INQUIRER Publications Inc. turns over to the Philippine Daily Inquirer Newsboy Foundation P85,000, representing proceeds from the first Bandera Cup held last year, during the foundation’s awarding ceremonies at the PDI office. Looking on are PDI assistant vice president for circulation Manuel Andrew Chanco, PDI Newsboy Foundation dealer-trustee Danilo Jose, PDI senior vice president for sales and marketing Rene R. Reinoso, PDI chair Marixi R. Prieto, Bandera editor in chief Dona Policar, Bandera sports editor Frederick Nasiad and PDI Newsboy Foundation dealer-trustees Eduardo Villar-Clavero and Victor Navarro. JOHANN GUASCH
PDI Newsboy Foundation honors its 6 scholars
Philippine Daily Inquirer / 02:29 AM July 14, 2012
MANILA, Philippines—They literally bring the news right to our doorsteps.
But on Wednesday, these six young scholars of the Philippine Daily Inquirer Newsboy Foundation found themselves in the news when they were honored as the Most Outstanding Graduates for the past school year during simple ceremonies held at the Inquirer main office in Makati City on July 11.
Awardees for the grade school category included Cristel Marie Perez (Pilar Village Elementary School, Las Piñas), Janrey Buenconsejo (Tabaco Northwest Central School, Albay) and Joshua Inigo Capitan (St. Mary’s School, Cagayan de Oro).
Jhon Melmar Baluyot (Lakandula High School, Manila), Jan Mark Neil Ramos (Buenlag National High School, Pangasinan) and Gary Roider Ladisla (Maryknoll of Manlay, Davao Oriental) were the awardees in the high school category.
In her message, Inquirer chair Marixi Prieto congratulated the awardees and encouraged them to continue to do better in school.
“We hope you continue to improve yourselves and get into higher education,” said Prieto, who also thanked the parents present during the awarding. “You should also be proud of enabling them to achieve this award.”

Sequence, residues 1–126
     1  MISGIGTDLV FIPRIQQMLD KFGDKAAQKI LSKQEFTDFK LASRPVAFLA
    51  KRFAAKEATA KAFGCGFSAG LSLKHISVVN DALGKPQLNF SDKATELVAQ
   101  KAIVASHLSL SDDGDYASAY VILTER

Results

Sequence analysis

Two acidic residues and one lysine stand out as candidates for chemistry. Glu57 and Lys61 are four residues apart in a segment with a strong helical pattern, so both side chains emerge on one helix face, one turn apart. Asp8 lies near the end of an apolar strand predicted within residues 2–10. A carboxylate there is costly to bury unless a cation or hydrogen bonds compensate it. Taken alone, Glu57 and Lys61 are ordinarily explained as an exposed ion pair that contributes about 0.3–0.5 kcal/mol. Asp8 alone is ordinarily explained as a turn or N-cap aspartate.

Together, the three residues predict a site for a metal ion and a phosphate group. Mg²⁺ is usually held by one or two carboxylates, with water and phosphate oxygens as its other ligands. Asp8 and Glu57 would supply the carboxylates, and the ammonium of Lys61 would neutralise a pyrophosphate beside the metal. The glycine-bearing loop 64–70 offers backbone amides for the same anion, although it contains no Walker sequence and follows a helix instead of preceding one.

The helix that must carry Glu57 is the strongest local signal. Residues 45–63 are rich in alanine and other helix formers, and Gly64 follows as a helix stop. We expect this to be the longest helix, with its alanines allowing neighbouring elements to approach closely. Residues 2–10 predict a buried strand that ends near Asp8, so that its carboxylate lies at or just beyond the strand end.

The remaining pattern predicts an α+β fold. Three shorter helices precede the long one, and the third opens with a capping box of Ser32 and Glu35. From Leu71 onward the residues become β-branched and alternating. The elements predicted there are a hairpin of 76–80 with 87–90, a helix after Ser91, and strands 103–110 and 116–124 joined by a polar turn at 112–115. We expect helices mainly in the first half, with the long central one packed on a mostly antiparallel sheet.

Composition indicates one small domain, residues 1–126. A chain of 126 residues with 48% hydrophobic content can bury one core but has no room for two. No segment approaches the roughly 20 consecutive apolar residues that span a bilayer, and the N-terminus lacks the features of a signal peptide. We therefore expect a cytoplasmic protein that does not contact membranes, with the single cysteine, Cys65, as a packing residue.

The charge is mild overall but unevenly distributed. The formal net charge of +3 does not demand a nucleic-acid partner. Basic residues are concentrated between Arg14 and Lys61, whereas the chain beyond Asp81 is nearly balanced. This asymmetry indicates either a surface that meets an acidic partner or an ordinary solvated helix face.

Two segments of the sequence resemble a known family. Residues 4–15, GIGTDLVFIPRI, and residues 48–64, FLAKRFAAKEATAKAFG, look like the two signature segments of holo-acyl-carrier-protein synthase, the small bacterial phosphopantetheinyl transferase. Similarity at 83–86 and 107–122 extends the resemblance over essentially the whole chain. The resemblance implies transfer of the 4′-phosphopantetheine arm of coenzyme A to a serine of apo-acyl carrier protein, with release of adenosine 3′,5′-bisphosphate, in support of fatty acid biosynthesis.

Speaking on behalf of the awardees, Baluyot, now an Automotive Engineering freshman at Technological University of the Philippines, thanked the newspaper for “this great blessing.”
“Thank you for this big help. Knowing that the Inquirer is there to help us overcome our financial difficulties is a really big thing for us scholars,” Baluyot said in his speech. “Your support has inspired us to study harder and motivated us to overcome the other obstacles in our lives.”
Unable to attend the awarding, Ladisla, now a freshman at Davao Merchant Marine Academy, sent a note thanking the Inquirer for its “generosity and commitment.”
“I treasure your generosity and commitment to help deserving students, to inspire and motivate them to become better individuals for country and God,” wrote Ladisla, who has been a scholar of the foundation since his elementary days.
Davao dealer Nelia Partoza, who also received the award on behalf of Ladisla, likewise encouraged the scholars to be “good role models to other youth.”
Partoza also shared the experience of Don Gerson Mantawel, one of the foundation’s high school scholars. “He graduated from high school because of the Inquirer, and now he is able to continue his college studies also with the help of Inquirer,” she said.
Mantawel, who helps in distributing the newspaper, is currently a journalism student at the University of Immaculate Conception. “His dream is to write for the Inquirer someday,” Partoza added.
The awardees each received a certificate of recognition, a cash prize of P5,000 and gift bags. Also present during the event were Inquirer senior vice president for sales and marketing Rene Reinoso and assistant vice president for circulation Andrew Chanco.
The newspaper’s dealers from across the country also attended the awarding, including Inquirer Newsboy Foundation dealer-trustees Danny Jose (Metro Manila), Sammy Navarro (Luzon) and Eduardo Clavero (Visayas and Mindanao).
More than 1,000 scholars
During the program, Inquirer Publications Inc. also turned over P85,000 to the foundation. This amount represented the proceeds of the first Bandera Cup, which was held in September last year.
Part of the revenues from Inquirer copies sold goes to the Inquirer Newsboy Foundation. More than 1,000 students have been given scholarships since the foundation began handing out monthly stipends to deserving grade school and high school students in 1993. It started offering college scholarships in 1996.
Regional newspaper dealers nominate candidates for the scholarships. Candidates can be newsboys or a first-degree relative of a newsboy and should be on the top 10 of his or her class. Kate Pedroso, Inquirer Research